A system and method of generating a knowledge base from annotated images are provided. The system, in one aspect, may include a hardware processor executing a user interface, the hardware processor retrieving an image from a database of images and presenting the image on the user interface displayed on a display device. An eye tracker may include at least a camera and coupled to the hardware processor, the eye tracker monitors eye movements of a user analyzing the image and generates a sequence of eye movements. The user interface receives annotations on the image input by the user. The hardware processor receives via the microphone audio data associated with the image spoken by the user, the hardware processor translating the audio data into text, and extracting keywords from the text. The hardware processor correlates the sequence of eye movements, the annotations and the keywords according to their time of occurrence. The hardware processor extracts image features from the image and maps the image features with the sequence of eye movements, the annotations and the keywords that are correlated. The hardware processor generates a recurrent neural network model that predicts a likelihood of an expert image analyzer focusing on a feature in a given new image, for example, based on mappings of the image features with the sequence of eye movements, the annotations and the keywords that are correlated. A knowledgebase stores the recurrent neural network model and the mappings of the image features with the sequence of eye movements, the annotations and the keywords that are correlated.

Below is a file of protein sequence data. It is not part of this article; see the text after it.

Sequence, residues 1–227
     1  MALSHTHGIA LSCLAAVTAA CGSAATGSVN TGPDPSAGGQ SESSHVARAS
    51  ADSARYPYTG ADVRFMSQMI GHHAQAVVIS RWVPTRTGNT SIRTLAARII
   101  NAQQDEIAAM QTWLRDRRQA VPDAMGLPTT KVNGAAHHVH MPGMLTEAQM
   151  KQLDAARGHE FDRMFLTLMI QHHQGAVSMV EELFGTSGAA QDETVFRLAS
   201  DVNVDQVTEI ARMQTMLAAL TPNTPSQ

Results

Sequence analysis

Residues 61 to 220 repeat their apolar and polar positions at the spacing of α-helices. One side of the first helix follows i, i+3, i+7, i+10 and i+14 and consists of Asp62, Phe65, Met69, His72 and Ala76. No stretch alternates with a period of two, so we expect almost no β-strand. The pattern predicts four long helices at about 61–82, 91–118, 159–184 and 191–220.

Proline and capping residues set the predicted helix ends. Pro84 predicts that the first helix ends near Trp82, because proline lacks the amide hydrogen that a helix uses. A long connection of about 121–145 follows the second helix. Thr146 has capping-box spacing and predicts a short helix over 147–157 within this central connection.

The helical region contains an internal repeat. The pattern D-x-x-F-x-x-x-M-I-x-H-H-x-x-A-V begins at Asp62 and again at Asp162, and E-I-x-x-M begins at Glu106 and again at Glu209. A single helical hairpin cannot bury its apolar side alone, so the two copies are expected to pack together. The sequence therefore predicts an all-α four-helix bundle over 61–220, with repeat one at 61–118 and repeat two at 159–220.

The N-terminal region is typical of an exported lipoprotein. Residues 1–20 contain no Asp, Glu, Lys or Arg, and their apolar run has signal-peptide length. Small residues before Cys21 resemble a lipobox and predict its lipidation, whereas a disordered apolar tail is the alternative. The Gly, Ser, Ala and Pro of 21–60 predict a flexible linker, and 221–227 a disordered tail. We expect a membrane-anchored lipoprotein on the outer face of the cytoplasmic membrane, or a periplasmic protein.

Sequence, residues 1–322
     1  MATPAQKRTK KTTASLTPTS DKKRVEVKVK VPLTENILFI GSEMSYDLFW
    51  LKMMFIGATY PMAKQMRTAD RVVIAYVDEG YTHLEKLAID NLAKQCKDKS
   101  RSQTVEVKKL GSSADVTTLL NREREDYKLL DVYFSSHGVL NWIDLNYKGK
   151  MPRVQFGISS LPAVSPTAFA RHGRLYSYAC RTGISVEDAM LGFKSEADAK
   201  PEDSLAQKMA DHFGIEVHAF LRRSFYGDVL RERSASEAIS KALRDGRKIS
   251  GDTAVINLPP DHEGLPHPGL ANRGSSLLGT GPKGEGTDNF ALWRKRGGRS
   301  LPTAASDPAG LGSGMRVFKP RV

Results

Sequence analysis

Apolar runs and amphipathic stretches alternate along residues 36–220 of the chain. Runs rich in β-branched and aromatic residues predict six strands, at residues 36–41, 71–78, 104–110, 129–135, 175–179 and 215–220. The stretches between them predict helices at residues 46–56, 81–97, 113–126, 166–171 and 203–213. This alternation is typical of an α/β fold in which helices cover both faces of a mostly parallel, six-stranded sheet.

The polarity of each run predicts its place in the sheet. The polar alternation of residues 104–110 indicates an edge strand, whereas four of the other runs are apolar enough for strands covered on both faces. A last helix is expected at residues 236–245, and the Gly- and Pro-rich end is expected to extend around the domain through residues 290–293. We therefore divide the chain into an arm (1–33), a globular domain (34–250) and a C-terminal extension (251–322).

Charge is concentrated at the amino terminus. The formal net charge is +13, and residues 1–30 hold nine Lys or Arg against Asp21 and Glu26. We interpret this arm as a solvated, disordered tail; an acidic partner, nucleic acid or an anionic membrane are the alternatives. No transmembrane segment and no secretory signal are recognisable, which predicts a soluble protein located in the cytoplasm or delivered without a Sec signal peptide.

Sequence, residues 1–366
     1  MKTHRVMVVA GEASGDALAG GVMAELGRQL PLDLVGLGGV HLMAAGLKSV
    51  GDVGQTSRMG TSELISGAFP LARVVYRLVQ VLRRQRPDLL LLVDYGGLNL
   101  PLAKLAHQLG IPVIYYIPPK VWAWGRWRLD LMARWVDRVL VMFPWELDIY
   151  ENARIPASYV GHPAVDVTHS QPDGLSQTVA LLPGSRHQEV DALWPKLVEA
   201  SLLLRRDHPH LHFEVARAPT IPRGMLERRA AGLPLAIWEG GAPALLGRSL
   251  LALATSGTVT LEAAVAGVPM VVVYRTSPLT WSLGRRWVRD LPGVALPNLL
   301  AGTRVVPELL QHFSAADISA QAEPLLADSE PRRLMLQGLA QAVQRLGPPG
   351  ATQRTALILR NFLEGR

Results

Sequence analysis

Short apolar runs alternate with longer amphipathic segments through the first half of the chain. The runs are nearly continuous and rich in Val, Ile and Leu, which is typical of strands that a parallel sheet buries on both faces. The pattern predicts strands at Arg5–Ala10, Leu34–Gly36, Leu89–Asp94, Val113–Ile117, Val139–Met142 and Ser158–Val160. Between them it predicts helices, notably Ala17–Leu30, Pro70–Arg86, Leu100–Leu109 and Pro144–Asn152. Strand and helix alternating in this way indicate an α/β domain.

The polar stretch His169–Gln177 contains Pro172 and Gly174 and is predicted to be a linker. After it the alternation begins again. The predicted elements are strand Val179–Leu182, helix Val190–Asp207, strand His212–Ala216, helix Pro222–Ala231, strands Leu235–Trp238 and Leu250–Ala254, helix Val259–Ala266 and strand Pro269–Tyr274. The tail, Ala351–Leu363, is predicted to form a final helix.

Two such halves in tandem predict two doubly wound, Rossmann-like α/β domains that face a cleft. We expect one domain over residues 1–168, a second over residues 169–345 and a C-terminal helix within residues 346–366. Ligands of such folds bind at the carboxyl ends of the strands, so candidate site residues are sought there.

A method of generating a knowledge base from annotated images, in one aspect, may include retrieving an image from a database of images and presenting the image on a user interface displayed on a display device. The method may also include transmitting a signal to an eye tracker comprising at least a camera coupled to the hardware processor, the signal representing a notification to the eye tracker to monitor eye movements of a user analyzing the image and generating a sequence of eye movements based on the eye tracker monitor the eye movements. The method may further include receiving via the user interface, annotations on the image input by the user. The method may also include receiving via a microphone coupled to the hardware processor, audio data associated with the image spoken by the user, and translating the audio data into text, and extracting keywords from the text. The method may also include correlating the sequence of eye movements, the annotations and the keywords according to their time of occurrence. The method may further include extracting image features from the image and mapping the image features with the sequence of eye movements, the annotations and the keywords that are correlated. The method may also include generating a recurrent neural network model that predicts a likelihood of an expert image analyzer focusing on a feature in a given new image, the generating the recurrent neural network model based on mappings of the image features with the sequence of eye movements, the annotations and the keywords that are correlated. The method may also include storing in a knowledgebase, the recurrent neural network model and the mappings of the image features with the sequence of eye movements, the annotations and the keywords that are correlated.